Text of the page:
Fall TV 2020: 5 things to know about a very different kind of season
Rumors of television's COVID-related demise have been greatly exaggerated.
Yes, there will be a fall TV season this year. It will just look a lot different. (Example: For the first time in nearly 20 years, "Survivor" isn't part of the CBS fall lineup).
With that in mind, we present a cursory overview of the current state of the television industry and how it impacts what you can watch in the coming months. Here are five important things to know about fall TV programming:
1. Plan on late arrivals: Because of production delays, most new and returning scripted series won't make their traditional September debuts. Many hadn't even been scheduled as of this writing. The few that are scheduled — such as NBC's "This Is Us" and "The Blacklist" — won't premiere until early to mid-November. Our advice: Refer often to the ever-changing fall TV calendar.
2. Hand-me-downs galore: With so many holes to fill, the networks will rely on shows imported from other platforms or countries. CBS, for example, will air "Star Trek: Discovery," from the CBS All Access streaming site, and "One Day at a Time," a comedy reboot that originated on Netflix, was canceled and then made its way to Pop TV. Meanwhile, Fox has "L.A.'s Finest," a crime drama that originally aired on the Spectrum cable system.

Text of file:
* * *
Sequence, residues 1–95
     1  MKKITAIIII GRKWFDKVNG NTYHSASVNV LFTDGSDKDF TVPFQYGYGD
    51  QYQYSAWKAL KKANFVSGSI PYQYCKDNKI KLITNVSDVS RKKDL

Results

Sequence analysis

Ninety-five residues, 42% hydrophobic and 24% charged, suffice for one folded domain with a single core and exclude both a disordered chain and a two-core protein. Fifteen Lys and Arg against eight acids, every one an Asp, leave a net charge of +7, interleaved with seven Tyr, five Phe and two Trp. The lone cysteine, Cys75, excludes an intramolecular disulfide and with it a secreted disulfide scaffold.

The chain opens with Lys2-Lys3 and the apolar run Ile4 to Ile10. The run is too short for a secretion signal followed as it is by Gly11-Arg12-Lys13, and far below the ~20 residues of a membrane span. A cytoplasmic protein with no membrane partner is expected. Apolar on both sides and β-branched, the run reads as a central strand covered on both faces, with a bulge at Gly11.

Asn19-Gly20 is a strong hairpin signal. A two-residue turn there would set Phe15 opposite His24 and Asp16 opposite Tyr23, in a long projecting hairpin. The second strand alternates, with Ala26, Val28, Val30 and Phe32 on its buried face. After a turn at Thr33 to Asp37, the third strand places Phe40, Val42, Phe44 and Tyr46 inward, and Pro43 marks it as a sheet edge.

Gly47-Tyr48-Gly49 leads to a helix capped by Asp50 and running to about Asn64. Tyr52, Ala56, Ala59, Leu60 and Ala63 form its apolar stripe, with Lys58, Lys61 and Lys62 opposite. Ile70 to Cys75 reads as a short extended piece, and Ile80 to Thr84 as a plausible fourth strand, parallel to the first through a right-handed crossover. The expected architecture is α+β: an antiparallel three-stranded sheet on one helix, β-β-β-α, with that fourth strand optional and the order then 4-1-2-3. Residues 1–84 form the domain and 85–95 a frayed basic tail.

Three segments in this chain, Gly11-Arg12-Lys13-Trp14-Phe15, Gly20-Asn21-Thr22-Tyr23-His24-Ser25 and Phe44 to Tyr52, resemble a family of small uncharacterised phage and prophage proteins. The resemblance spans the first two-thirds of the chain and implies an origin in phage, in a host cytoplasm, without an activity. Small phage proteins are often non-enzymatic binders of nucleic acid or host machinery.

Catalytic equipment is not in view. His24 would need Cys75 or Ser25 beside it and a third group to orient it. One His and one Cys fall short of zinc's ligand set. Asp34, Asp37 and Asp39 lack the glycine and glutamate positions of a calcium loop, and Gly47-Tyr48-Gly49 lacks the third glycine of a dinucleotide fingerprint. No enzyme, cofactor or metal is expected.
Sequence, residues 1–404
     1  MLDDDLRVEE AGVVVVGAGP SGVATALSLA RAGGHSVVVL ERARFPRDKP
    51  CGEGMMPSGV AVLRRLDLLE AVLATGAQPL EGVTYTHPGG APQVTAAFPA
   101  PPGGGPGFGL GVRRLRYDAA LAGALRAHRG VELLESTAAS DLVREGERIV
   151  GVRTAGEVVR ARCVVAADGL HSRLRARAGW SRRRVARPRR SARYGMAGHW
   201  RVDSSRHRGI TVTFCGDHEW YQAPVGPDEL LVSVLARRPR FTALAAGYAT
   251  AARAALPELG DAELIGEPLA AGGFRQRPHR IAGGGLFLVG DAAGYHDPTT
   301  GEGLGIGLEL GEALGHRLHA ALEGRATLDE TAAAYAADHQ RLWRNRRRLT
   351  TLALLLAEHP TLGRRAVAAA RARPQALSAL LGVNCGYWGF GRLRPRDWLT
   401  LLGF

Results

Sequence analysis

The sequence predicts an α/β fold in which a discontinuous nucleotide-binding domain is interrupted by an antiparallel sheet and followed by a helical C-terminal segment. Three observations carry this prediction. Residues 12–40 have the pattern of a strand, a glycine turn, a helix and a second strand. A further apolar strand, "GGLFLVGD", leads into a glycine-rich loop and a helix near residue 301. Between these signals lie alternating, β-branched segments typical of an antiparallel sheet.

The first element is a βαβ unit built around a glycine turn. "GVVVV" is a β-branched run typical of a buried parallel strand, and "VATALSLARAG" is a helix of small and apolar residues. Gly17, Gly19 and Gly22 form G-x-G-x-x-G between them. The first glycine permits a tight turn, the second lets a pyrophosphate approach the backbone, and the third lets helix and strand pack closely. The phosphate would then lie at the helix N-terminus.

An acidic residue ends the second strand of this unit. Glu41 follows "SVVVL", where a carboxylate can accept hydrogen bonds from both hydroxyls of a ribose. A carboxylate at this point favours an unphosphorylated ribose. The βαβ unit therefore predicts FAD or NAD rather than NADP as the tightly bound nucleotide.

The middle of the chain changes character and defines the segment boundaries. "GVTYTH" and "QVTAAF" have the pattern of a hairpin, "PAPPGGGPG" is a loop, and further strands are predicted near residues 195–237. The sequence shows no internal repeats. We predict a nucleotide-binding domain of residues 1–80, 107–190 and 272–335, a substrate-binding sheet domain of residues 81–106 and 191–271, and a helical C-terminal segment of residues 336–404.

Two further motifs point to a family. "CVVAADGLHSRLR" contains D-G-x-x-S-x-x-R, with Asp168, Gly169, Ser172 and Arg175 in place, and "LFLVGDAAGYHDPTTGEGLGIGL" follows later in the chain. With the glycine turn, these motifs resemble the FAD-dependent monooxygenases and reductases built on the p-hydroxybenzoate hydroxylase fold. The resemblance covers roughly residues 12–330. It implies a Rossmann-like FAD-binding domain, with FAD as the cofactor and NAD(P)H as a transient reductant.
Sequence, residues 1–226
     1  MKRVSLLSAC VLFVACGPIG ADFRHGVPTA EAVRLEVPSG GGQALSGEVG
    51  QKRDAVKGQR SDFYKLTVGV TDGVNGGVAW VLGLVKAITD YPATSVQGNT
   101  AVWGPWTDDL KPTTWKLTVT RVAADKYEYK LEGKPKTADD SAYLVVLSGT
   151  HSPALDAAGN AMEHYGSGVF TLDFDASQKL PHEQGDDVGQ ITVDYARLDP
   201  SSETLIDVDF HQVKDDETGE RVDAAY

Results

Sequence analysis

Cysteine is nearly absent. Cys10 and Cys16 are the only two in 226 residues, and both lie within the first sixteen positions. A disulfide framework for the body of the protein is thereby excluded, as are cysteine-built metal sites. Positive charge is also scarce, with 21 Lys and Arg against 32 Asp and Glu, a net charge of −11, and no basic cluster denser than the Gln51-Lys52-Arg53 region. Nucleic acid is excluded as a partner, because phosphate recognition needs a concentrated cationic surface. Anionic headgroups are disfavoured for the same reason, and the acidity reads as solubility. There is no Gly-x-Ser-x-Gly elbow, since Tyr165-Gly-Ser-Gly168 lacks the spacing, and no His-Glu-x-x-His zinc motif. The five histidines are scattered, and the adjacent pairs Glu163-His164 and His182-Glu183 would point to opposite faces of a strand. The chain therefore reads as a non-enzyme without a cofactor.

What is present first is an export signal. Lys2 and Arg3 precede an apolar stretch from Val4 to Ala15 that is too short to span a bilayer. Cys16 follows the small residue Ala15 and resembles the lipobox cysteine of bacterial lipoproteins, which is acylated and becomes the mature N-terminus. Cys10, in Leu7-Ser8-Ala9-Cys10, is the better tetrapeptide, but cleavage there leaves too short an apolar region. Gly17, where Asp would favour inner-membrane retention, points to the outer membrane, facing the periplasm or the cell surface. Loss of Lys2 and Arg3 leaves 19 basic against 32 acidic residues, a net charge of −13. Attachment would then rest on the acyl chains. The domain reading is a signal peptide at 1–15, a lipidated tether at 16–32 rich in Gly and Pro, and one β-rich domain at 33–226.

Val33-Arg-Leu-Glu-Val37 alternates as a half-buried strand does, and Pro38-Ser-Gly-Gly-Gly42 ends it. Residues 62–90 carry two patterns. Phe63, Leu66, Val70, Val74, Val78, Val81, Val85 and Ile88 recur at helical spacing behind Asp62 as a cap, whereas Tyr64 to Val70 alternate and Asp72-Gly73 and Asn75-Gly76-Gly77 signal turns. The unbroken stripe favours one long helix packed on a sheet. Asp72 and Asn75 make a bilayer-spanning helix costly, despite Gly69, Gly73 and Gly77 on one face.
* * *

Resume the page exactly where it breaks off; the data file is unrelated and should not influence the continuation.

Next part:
The networks also went beyond U.S. borders to find content. Two examples: The NBC medical drama "Transplant" is a Canadian production, and The CW has "Devils," a financial thriller made in Italy.
3. Throw out the script: Also filling the gaps will be plenty of reality TV and game shows. At least early on, ABC will lean heavily on fare like "Celebrity Family Feud," "Press Your Luck" and "Match Game," along with "Dancing With the Stars," "Shark Tank" and "The Bachelorette."
Then in October, ABC will debut "Supermarket Sweep," a revival of a game show that first aired in the 1960s.
4. Exhibiting some shelf life: On the bright side, some shows that were originally planned for earlier this year but were held back will finally surface. Fox, for example, will finally air the soapy Kim Cattrall drama "Filthy Rich" and the sci-fi event series "Next." On cable, three miniseries originally pegged for spring or summer — "Fargo" (FX), "The Undoing" (HBO) and "The Good Lord Bird" (Showtime) — will be among fall's most anticipated offerings.
5. Football still rules: The NFL is always a huge ratings draw (NBC's "Sunday Night Football" averaged 20.5 million viewers per game last year). Now with network programming delayed and stadiums drastically limiting attendance, the games could attract even more viewers who are ready for some football — and a sense of normalcy.
That's all contingent, of course, on whether the NFL can complete its regular 256-game schedule without pandemic-related hitches.